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31 of 46 people found the following review helpful
3.0 out of 5 stars A good start in critically examining evolution, March 16, 2001
By 
Charles (United States) - See all my reviews
This review is from: Darwin on Trial (Paperback)
I have read the 1-and no star reviews below and have been struck like several others by how they lack specific examples of Johnson's 'ignorance' of scientific principles, or fail to counter any one of his examples. Like many children educated in public schools I simply accepted what I read in textbooks as true, until as a Senior in high school I realized that in Physics the Theory of Relativity is being constantly tested and assailed, but in Biology Evolution is only tinkered with (by Stephen J. Gould and others), never questioned outright among 'respectable' faculty members. The other reviewers claim that the only alternative critics of Evolution can offer is the Creation story, but with the development of Intelligent Design theory (see William Dembski) there is room for discussion for other possible extraterrestrial origins of life on Earth. One other point I can make here as a Historian - if you insist that the cause of science can never be advanced by a 'fundamentalist Christian' then you ought to reject Sir Isaac Newton's Laws, for he wrote more books on Christian Theology than he did on Gravity.
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8 of 12 people found the following review helpful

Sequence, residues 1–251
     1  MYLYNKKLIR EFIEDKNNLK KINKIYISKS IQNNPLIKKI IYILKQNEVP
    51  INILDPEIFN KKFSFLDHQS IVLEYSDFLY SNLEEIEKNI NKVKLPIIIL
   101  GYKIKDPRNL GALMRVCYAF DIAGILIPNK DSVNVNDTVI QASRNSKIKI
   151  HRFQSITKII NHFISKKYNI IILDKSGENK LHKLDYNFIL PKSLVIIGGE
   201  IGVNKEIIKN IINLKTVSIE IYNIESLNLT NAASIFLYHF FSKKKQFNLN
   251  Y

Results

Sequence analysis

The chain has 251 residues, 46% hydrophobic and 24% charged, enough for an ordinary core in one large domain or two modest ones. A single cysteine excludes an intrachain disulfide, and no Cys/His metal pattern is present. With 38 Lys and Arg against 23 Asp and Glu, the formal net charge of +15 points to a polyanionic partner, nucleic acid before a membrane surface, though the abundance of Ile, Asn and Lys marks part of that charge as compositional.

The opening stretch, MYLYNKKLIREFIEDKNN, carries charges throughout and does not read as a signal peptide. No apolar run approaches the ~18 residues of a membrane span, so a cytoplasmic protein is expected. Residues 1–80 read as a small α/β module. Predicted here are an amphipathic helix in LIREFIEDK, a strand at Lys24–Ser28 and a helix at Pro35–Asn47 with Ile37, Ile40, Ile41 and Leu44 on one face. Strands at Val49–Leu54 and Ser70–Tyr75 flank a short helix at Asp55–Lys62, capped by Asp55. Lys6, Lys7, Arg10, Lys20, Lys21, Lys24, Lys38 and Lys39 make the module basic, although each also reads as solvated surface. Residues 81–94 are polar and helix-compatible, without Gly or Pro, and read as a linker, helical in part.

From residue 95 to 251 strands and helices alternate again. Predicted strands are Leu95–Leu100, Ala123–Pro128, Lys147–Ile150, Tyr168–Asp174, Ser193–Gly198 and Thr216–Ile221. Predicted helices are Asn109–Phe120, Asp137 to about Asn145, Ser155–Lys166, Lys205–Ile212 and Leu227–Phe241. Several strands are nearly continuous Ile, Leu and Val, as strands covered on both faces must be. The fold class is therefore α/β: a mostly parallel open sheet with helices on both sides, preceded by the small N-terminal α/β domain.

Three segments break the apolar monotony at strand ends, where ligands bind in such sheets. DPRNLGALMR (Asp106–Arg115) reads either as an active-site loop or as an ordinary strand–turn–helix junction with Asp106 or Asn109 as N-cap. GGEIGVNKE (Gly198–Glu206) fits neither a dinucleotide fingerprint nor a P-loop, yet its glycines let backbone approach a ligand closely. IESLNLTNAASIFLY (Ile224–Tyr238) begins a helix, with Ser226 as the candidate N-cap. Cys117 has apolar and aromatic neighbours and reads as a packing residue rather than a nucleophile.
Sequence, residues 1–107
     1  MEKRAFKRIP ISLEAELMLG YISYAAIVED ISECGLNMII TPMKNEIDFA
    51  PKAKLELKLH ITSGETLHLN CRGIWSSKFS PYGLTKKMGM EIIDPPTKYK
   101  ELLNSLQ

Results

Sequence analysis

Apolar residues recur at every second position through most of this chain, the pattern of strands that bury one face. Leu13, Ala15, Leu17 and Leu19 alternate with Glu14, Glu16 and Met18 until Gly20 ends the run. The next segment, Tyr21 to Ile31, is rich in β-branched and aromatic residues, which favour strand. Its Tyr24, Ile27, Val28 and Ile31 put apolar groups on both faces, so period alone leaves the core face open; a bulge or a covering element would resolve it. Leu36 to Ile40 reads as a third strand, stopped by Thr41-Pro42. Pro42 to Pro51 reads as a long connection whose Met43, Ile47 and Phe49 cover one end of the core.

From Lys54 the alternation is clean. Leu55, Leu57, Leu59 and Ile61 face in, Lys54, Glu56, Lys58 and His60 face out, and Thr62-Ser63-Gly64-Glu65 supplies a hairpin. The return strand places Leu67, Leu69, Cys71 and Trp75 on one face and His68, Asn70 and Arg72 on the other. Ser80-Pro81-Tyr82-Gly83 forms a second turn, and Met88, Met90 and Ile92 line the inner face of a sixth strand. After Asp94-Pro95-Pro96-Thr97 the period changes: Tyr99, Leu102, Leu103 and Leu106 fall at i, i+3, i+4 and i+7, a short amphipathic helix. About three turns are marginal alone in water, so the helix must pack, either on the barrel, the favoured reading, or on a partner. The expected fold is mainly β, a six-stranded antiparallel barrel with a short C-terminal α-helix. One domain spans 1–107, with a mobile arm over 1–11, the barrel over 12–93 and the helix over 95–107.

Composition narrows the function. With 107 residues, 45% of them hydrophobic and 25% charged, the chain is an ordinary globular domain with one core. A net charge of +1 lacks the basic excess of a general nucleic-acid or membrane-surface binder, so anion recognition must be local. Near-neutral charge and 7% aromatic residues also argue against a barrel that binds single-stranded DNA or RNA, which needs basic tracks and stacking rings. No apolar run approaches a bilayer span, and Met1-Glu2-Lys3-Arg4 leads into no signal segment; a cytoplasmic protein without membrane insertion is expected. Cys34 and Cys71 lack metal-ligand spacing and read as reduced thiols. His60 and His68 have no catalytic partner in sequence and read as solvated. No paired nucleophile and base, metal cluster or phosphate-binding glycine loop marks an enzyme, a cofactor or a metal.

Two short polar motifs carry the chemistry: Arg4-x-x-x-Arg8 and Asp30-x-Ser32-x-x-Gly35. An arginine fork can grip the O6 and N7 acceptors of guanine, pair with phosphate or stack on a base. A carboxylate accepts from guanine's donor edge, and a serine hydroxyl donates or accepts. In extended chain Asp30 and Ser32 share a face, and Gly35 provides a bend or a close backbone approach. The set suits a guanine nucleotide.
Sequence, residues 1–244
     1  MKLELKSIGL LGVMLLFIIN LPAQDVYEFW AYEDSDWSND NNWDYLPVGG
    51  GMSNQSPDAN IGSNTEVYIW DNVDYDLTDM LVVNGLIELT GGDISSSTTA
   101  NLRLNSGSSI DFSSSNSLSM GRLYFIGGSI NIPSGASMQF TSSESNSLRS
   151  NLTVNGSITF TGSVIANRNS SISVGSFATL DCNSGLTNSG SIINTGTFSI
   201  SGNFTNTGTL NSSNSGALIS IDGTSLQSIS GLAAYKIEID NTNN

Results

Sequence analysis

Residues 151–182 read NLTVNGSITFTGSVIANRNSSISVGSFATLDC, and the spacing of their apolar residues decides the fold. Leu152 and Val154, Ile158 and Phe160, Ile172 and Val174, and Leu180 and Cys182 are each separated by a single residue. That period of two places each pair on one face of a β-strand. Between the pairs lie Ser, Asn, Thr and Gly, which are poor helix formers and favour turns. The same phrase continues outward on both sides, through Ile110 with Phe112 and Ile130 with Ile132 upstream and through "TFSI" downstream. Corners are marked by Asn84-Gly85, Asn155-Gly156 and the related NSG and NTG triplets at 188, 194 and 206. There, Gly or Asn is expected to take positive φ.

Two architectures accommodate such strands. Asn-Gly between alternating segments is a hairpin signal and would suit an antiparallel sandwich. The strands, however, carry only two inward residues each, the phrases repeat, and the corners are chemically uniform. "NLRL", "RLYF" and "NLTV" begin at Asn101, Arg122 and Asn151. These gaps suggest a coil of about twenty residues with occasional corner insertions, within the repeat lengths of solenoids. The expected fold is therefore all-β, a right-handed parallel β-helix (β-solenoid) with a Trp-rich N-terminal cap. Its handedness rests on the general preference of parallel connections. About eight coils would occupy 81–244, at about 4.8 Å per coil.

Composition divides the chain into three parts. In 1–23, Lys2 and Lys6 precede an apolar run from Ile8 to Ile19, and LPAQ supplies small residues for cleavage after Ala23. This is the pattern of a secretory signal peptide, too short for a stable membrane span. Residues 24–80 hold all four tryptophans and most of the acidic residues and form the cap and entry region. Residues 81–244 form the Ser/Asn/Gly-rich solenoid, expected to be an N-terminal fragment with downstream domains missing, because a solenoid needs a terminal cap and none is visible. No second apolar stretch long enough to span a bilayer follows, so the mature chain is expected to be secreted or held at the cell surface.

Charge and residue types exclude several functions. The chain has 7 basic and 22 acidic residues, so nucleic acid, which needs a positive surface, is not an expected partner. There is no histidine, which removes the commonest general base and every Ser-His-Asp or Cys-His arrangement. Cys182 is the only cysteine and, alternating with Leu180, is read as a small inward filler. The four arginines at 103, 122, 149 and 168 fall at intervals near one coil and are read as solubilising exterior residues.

4.0 out of 5 stars A Crictical Look at Neo-Darwinism, August 31, 1999
By A Customer
This review is from: Darwin on Trial (Paperback)
A must-read for anyone tracking the debate. Johnson has thrust a stick into the proverbial hornet's nest by taking a critical look at the logical structure of the argument for evolution posited by what he calls the "scientific priesthood." Johnson openly reveals his position as a "philosophical theist and a Christian" He remarks that his "purpose is to examine the scientific evidence on its own terms being careful to distinguish the evidence itself from any religious or philosophical bias that might distort our interpretation of that evidence" Does he succeed? Not entirely, but the objectivity that both sides demand of the other in this debate seems to be nothing less than capitulation anyway, so the issue is moot. Johnson does show that when the actual evidence is considered numerous failures of logic occur in the scientific community's assessment that evolution is an "established fact." Johnson charges that this has led the scientific establishment to be just as guilty as the creationists of promoting their own brand of "fundamentalism" when there is simply a lack of evidence to warrant such one-sided, close-minded finality on the question of origins. Scientists have in effect, Johnson argues, broken their own scientific creedo of objective analysis by allowing themselves a heavy emotional investment in a theory that at best seems to have great explanative powers if little empirical support for want of what they say is a better alternative. This is the book that sent Stephen Jay Gould infuriated to his word-processor for a response, and has prompted many a hornet to protect the hive with less than courteous remarks. It is sure that many more diatribes, and ad hominem attacks will be flung across the table at those who would "dare" to question the "fact" of evolution as Johnson has in this book.